Hardy mums, which are those that can survive a winter, should be cut back in the spring as new growth emerges. Optionally, mums can also be cut back spring through midsummer to encourage fuller blooming and a better shape.Know More
After fall bloom is completed, allow the buds and foliage to die naturally. Some gardeners choose to prune in the fall, but pruning in spring increases the chance of winter survival. Add a layer of mulch on top of dead foliage for the winter and then remove it in early spring.
In the spring, once new growth is seen, cut back dead foliage to 3 to 4 inches above ground. From spring until the beginning of July, mums can be cut back 2 to 3 inches once they reach 6 to 8 inches tall.Learn more about Outdoor Plants & Flowers
Plant mums by doing so at the right time, choosing a sunny planting site, amending the soil and planting the flowers. You need mum plants or seeds, compost and a garden trowelFull Answer >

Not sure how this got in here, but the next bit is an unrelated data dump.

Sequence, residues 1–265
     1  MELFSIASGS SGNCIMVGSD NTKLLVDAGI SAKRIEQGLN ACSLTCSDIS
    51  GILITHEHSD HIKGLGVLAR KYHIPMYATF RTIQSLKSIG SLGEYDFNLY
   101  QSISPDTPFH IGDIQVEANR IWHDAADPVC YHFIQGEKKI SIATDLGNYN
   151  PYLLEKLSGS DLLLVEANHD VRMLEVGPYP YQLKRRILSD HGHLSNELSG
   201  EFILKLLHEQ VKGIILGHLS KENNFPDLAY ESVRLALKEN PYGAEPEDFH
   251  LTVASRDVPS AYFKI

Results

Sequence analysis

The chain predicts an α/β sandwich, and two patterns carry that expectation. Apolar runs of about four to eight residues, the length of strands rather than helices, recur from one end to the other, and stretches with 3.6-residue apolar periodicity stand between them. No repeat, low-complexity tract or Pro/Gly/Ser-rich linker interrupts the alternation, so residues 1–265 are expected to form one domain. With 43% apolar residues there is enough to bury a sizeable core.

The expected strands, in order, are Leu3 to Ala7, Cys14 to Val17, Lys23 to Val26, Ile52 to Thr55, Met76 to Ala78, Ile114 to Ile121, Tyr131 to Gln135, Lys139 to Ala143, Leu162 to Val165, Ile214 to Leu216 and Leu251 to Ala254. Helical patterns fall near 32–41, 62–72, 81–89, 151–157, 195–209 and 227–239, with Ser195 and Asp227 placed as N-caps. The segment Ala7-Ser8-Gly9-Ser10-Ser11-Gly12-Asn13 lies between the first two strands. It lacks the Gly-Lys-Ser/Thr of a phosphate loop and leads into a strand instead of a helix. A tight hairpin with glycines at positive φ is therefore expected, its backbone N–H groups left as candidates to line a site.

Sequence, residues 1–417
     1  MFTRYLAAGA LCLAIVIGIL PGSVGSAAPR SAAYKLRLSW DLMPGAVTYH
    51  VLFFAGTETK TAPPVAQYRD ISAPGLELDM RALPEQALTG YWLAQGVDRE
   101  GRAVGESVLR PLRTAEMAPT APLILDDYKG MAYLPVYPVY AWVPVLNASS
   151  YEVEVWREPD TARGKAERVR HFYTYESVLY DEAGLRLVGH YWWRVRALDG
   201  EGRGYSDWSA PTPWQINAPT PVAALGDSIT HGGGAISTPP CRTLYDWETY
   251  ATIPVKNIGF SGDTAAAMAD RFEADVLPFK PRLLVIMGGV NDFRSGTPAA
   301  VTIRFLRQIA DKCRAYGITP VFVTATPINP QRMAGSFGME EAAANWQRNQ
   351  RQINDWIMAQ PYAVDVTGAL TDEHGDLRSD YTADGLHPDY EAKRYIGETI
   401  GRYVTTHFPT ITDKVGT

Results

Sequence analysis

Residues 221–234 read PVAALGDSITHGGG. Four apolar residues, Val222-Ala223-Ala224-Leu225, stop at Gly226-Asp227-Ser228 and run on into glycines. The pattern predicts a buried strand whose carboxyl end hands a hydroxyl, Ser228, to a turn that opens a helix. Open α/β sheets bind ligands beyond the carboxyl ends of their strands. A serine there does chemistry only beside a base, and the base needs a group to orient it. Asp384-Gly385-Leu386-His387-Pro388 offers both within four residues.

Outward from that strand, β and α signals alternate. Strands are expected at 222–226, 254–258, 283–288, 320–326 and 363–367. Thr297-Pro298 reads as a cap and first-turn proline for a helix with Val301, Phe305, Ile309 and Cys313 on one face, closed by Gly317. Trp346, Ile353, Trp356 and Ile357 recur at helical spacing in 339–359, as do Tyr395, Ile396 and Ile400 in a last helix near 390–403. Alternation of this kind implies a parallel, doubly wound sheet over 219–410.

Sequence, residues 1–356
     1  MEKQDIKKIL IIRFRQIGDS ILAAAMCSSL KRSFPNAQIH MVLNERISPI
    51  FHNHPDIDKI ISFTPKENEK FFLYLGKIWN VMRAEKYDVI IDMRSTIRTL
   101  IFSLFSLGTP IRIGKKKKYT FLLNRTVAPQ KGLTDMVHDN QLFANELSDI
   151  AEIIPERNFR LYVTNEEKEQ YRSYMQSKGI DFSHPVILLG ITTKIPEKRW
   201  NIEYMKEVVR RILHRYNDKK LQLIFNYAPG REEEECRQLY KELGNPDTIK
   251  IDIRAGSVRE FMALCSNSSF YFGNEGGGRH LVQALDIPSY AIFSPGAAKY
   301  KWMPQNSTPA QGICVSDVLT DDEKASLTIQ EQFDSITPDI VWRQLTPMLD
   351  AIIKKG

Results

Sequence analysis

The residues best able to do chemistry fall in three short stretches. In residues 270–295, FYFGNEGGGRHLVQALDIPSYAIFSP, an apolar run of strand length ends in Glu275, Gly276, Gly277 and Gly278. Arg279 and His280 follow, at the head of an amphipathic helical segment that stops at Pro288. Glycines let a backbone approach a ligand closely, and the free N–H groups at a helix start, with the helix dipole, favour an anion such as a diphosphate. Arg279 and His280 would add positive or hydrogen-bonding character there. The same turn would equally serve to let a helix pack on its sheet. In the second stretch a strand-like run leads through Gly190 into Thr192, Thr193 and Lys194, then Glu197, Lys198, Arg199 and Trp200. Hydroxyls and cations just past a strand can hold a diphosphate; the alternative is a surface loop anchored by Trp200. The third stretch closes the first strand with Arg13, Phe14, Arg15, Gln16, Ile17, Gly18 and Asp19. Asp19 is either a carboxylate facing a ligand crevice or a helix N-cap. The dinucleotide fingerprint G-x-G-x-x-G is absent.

Chrysanthemums, or garden mums, typically die due to disease or pests if they are being properly cared for. Although mums are one of the hardiest of plants, a number of diseases can kill them.Full Answer >
Garden mums are tender perennials that last longer than a year, depending on when and where they are planted, according to Briggs Garden and Home. Mums are a great choice to put fall color in the garden.Full Answer >
Chrysanthemums require lots of water and fertilizer, rich soil with good drainage and full sun. In warmer climates, they're grown as perennials. In cooler climates, they can be grown as annuals. They are excellent flowers for hardiness zones 3 to 9.Full Answer >